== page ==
Tuesday, July 27, 2010

Paris Sweets, or The Sugar High that Lasted Six Days

No account of a Parisian vacation would be complete without mention of the sweets. Before our trip, I carefully pinpointed all of Paris's famous patisseries, chocolatiers, and such on a laminated city map and then determined the shortest route between each one. We ate dessert with every meal. The truth is, we ate dessert FOR every meal.

Although I'd marked a different one of their locations on our map, we immediately discovered that our apartment was in the vicinity of an Eric Kayser.

I actually spotted it before we found our apartment—believe me, my ability to hone in on pastry is like a sixth sense. And so our first meal in Paris was a poulet roti carved with a pocket knife and eaten with our fingers followed by a still-warm baguette and a delightful frasier.

A stroll to this particular bakery became our breakfast routine. We would pick up a fresh baguette to be eaten with a slab of salted butter from the neighboring cheese shop. And possibly a croissant or raspberry financier or madeleine or lemon turnover or tomato quiche.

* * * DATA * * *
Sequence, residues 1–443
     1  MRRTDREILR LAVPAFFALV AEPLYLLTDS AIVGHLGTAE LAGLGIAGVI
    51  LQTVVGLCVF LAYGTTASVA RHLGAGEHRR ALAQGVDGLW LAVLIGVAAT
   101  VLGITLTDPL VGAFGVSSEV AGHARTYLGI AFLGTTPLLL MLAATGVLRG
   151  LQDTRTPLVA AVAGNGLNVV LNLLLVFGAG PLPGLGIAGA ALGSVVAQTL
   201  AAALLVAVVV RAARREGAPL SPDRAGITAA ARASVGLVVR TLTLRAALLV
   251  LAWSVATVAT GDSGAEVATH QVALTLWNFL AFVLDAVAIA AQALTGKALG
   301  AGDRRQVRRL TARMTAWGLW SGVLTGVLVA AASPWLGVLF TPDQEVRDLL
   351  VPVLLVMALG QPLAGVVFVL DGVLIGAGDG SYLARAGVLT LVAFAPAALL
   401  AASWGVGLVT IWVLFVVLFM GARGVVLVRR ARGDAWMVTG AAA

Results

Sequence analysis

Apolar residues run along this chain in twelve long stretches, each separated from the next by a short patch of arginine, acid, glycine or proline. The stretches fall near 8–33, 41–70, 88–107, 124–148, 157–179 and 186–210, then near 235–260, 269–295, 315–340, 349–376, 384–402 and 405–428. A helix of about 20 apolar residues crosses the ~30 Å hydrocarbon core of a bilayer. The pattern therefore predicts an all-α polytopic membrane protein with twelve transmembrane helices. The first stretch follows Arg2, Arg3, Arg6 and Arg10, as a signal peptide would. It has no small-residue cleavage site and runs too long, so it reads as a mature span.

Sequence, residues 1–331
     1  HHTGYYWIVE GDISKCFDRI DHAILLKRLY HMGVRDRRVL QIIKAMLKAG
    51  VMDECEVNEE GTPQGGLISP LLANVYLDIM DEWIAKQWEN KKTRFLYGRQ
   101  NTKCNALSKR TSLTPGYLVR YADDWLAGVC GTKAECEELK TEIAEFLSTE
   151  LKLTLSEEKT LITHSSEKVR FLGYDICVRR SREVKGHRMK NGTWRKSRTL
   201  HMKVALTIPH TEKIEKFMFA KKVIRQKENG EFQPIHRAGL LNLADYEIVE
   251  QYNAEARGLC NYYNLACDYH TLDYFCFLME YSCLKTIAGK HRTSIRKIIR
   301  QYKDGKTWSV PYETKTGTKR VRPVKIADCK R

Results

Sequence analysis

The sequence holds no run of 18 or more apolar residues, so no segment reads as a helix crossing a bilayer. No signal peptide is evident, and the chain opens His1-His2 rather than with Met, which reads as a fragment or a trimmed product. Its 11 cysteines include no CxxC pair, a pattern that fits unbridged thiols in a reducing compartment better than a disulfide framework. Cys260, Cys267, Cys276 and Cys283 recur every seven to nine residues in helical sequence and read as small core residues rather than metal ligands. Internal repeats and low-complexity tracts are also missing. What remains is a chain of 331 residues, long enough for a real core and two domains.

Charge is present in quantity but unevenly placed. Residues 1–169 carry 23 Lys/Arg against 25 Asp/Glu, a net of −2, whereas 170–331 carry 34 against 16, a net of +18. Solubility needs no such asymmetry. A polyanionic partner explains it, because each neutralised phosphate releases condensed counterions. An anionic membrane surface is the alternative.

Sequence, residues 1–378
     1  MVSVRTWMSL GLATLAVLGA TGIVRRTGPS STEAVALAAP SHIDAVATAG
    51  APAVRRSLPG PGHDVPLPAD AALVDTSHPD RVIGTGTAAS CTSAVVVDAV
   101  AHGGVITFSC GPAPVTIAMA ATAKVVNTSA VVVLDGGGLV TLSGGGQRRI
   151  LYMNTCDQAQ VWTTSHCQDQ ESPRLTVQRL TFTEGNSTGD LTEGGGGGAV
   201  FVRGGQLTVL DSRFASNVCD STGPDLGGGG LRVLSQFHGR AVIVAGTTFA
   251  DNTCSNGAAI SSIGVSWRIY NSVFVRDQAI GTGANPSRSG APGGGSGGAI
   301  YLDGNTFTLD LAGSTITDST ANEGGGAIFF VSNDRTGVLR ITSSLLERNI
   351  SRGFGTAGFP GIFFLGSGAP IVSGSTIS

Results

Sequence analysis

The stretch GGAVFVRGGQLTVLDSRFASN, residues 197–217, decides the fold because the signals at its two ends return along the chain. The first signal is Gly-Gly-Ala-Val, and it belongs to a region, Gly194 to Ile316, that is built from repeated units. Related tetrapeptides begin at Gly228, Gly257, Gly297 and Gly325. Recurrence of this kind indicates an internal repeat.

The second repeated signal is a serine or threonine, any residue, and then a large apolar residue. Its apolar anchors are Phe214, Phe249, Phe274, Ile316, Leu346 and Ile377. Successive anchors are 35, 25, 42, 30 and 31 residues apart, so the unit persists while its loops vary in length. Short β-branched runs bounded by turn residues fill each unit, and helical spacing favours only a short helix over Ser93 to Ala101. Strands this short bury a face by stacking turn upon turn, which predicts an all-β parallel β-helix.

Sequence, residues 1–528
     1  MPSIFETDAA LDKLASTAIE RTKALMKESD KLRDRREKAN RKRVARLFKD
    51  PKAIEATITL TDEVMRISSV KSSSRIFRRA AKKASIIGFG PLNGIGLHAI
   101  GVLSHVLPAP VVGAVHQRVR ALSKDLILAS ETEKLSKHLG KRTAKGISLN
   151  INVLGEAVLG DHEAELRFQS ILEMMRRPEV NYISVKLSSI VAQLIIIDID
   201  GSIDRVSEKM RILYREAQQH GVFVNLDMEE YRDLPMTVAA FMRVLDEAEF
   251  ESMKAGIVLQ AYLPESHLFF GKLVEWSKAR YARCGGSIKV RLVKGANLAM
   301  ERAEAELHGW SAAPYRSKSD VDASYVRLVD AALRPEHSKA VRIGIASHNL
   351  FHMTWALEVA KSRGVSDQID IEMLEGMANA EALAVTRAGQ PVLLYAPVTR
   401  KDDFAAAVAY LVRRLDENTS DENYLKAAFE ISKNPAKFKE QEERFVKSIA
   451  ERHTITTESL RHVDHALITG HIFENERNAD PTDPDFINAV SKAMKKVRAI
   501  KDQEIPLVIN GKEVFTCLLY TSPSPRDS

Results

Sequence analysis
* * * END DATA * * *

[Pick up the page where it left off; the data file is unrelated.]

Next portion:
Or a raspberry tart.

Yes, I shamelessly ate tart for breakfast. And sometimes, to augment our breakfast, we would pick up a little something at another bakery along the way, like a sackful of chouquettes.

Or a flaky palmier.

I'm really not much of a breakfast person except for when I'm in Paris.

Strangely, a good cup of coffee is not so easy to find in Paris. Each morning, clutching our bags of delectables from Eric Kayser, we would, I'm embarrassed to admit, cross the street into the Starbucks and order our daily dose of caffeine to go.

We stopped into Stohrer, famous for being the oldest pastry shop in Paris and for inventing the baba au rhum, to drool on the case.

The canelés were beautiful.

Speaking of canelés, we stumbled upon a shop devoted exclusively to the custardy cakelettes. And another with nothing but chocolate fondue. Only in Paris.

We waited impatiently in a line that wound around the corner to taste the famed ice cream at Berthillon.

I chose apricot and wild strawberry; Hubby decided on rose-scented raspberry and wild strawberry. Then we sat at the edge of the Seine, watching the world float by, licking our ice cream.

Fauchon was a favorite destination for their perfectly caramelized palmiers of gargantuan proportions.

The husband declared these the best in all of Paris.

He gave me his keep-your-hands-off-my-palmier face when I attempted to confirm the bold statement.

Chocolatiers were well represented on my map, with the first being Patrick Roger. As we marveled at the stunning chocolate creations, a woman was saying something about the "new little blue box".

I'd have to agree, the chocolates did seem as precious as jewelry. I especially loved their enormous take on the chocolate egg.